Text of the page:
Gerald Sliva brings Kuroki, Sask. hotel back to life in new book
Sliva wants people to laugh, cry and 'think deeply about life and death'
Do you know where Kuroki, Saskatchewan is? Gerald Sliva sure does.
The 71-year-old grew up in the tiny Saskatchewan town, and more specifically, in the Kuroki Hotel. Kuroki is about 230 kilometres east of Saskatoon, just north of Foam Lake.
Sliva has written his first book, called Barking From the Front Porch, and it's about what it was like growing up in a small-town Saskatchewan Hotel.
"I was born during the (Second World) War in Regina and I was born on Groundhog Day," Sliva told Saskatchewan Weekend host Eric Anderson. "My dad was Staff Sergeant at the military hospital in Regina. After the war, he was going to be a farmer."
After a couple of years on the farm, Sliva's dad decided, "This really isn't as exciting as being in the army." So, Sliva said, he decided to buy a hotel in Kuroki. Sliva was only about four years old when they moved in, but he remembers what it was like very well.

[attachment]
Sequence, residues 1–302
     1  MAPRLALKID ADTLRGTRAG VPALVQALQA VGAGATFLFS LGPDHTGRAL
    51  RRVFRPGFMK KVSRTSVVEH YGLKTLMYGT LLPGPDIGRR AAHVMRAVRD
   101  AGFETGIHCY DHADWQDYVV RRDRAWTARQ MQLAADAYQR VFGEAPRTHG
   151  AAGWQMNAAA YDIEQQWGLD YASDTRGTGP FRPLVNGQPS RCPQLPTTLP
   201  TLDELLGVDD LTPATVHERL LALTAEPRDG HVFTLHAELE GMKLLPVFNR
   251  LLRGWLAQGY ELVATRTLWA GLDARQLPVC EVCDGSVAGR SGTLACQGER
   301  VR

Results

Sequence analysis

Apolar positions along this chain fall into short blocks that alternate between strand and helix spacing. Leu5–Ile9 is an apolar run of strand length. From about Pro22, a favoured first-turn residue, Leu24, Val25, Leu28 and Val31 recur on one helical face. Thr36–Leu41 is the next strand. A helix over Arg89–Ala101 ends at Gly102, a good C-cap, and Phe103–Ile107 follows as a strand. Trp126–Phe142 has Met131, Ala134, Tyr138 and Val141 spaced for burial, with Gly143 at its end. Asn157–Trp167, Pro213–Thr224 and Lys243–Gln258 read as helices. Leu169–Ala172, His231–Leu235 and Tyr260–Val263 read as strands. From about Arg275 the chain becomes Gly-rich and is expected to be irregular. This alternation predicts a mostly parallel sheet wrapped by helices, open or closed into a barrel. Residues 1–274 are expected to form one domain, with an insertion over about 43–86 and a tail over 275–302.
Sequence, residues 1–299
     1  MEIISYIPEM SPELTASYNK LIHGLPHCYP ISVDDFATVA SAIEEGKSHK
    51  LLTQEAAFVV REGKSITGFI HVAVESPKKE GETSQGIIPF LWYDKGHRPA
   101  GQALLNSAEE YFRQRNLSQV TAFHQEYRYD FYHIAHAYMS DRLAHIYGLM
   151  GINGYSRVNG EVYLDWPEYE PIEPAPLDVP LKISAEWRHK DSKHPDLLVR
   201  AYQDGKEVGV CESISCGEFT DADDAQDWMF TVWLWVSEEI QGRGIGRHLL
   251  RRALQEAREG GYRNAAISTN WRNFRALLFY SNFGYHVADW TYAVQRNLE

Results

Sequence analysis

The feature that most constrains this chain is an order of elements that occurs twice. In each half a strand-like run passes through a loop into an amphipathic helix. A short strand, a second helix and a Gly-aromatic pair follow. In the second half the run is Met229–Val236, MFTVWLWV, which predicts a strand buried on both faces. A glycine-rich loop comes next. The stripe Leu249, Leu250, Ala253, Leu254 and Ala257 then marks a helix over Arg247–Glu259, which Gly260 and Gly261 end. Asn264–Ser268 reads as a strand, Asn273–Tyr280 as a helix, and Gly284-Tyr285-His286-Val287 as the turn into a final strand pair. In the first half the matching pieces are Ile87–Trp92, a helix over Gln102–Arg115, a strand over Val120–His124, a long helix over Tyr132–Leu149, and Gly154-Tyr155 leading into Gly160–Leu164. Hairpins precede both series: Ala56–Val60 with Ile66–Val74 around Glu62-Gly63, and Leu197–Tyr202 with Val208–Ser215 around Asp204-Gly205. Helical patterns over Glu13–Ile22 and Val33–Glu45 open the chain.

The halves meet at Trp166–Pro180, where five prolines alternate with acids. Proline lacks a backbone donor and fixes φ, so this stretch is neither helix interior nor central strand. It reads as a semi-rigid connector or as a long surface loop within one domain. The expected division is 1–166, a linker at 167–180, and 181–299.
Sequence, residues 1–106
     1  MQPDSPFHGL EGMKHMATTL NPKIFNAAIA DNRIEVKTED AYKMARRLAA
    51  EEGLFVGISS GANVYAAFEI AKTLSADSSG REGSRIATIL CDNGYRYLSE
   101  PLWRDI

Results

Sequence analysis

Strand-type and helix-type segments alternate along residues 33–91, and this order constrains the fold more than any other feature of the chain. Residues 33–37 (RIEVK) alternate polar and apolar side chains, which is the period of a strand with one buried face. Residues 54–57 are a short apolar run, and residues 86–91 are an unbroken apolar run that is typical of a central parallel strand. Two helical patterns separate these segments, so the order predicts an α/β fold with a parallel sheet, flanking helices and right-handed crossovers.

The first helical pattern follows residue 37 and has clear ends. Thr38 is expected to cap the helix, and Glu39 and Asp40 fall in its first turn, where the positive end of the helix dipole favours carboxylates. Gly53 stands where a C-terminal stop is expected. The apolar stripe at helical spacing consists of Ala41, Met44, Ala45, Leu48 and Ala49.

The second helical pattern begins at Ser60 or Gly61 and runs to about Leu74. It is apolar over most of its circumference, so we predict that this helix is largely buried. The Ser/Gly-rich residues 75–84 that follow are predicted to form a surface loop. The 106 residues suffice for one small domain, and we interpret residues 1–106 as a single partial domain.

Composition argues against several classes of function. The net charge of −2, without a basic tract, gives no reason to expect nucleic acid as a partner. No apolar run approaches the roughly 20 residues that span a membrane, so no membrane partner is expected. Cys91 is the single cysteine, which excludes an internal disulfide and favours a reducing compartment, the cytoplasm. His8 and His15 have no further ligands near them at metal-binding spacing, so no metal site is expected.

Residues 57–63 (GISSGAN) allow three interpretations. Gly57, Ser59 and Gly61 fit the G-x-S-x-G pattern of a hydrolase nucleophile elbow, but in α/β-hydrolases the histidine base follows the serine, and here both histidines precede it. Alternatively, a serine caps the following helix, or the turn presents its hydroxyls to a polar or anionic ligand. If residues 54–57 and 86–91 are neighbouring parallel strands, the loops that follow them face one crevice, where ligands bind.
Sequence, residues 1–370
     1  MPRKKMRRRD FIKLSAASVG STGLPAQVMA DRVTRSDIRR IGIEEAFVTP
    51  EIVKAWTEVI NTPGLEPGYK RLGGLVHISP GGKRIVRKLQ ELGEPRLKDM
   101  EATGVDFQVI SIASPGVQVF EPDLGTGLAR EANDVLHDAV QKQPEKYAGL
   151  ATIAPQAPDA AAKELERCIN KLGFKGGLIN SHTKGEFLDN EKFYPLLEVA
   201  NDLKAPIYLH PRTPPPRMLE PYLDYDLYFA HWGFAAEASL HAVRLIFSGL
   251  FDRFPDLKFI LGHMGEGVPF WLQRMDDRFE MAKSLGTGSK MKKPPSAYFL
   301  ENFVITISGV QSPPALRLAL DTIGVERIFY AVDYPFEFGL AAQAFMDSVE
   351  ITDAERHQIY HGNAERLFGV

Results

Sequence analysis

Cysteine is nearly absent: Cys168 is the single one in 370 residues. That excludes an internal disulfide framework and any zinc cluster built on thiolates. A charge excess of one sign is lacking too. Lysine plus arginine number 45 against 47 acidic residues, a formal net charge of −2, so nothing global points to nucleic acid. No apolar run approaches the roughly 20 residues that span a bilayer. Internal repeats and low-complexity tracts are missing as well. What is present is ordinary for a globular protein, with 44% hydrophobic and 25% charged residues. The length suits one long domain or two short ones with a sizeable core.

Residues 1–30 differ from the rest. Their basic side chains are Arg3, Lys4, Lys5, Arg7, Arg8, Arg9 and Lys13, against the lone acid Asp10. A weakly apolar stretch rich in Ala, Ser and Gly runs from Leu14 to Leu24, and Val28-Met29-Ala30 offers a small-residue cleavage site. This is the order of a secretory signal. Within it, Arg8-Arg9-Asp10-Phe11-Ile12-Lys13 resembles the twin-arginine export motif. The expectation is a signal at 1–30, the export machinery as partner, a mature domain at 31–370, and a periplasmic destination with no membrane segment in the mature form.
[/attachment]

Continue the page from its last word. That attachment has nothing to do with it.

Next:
"A lot of the rooms were taken up by family and several were rented out on a regular basis (by) travelling salesmen," he said. "There weren't many nursing homes in those days, so we had borders that would stay during the winter — old men or old women. They wanted a place that they could just be fed and watered during the winter."
Sliva, who now lives in Winnipeg, shared one of his favourite memories while in Saskatoon for a book signing.
"My dad has a tradition ... in 1950, on the anniversary of my mother's and his wedding, we went to get a portrait taken at Wadena studios," he said. "It could have fallen on a Sunday. It could have fallen on a national holiday. He had an appointment every August 31st. So we have photos every year from 1950 up to 1969 with the family growing each year."
Sliva jokingly said he initially wrote the book so his young nieces and nephews could reflect on their "crazy uncle" who wrote a book in his old age. In reality, he told his publisher it's a book of nostalgia that will evoke a lot of emotions.
"I wanted to make people laugh. I wanted to make them cry. And I wanted to help them think deeply about life and death," he said.